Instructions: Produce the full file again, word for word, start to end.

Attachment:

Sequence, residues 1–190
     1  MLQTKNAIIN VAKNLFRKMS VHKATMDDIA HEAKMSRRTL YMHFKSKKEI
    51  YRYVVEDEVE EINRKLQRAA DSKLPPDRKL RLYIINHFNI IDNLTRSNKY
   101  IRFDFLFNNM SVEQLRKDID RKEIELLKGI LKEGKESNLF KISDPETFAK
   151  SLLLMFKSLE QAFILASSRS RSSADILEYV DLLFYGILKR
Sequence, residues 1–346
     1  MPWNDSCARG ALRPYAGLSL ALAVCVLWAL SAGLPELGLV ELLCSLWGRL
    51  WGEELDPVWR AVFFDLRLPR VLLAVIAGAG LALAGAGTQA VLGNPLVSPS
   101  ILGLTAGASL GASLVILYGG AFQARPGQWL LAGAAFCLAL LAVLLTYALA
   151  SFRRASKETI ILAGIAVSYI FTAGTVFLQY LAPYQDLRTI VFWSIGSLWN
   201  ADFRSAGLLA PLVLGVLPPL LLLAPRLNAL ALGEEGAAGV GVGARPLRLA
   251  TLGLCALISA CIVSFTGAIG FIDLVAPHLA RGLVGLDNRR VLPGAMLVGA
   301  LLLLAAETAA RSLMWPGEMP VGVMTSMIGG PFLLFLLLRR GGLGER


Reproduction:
Sequence, residues 1–190
     1  MLQTKNAIIN VAKNLFRKMS VHKATMDDIA HEAKMSRRTL YMHFKSKKEI
    51  YRYVVEDEVE EINRKLQRAA DSKLPPDRKL RLYIINHFNI IDNLTRSNKY
   101  IRFDFLFNNM SVEQLRKDID RKEIELLKGI LKEGKESNLF KISDPETFAK
   151  SLLLMFKSLE QAFILASSRS RSSADILEYV DLLFYGILKR
Sequence, residues 1–346
     1  MPWNDSCARG ALRPYAGLSL ALAVCVLWAL SAGLPELGLV ELLCSLWGRL
    51  WGEELDPVWR AVFFDLRLPR VLLAVIAGAG LALAGAGTQA VLGNPLVSPS
   101  ILGLTAGASL GASLVILYGG AFQARPGQWL LAGAAFCLAL LAVLLTYALA
   151  SFRRASKETI ILAGIAVSYI FTAGTVFLQY LAPYQDLRTI VFWSIGSLWN
   201  ADFRSAGLLA PLVLGVLPPL LLLAPRLNAL ALGEEGAAGV GVGARPLRLA
   251  TLGLCALISA CIVSFTGAIG FIDLVAPHLA RGLVGLDNRR VLPGAMLVGA
   301  LLLLAAETAA RSLMWPGEMP VGVMTSMIGG PFLLFLLLRR GGLGER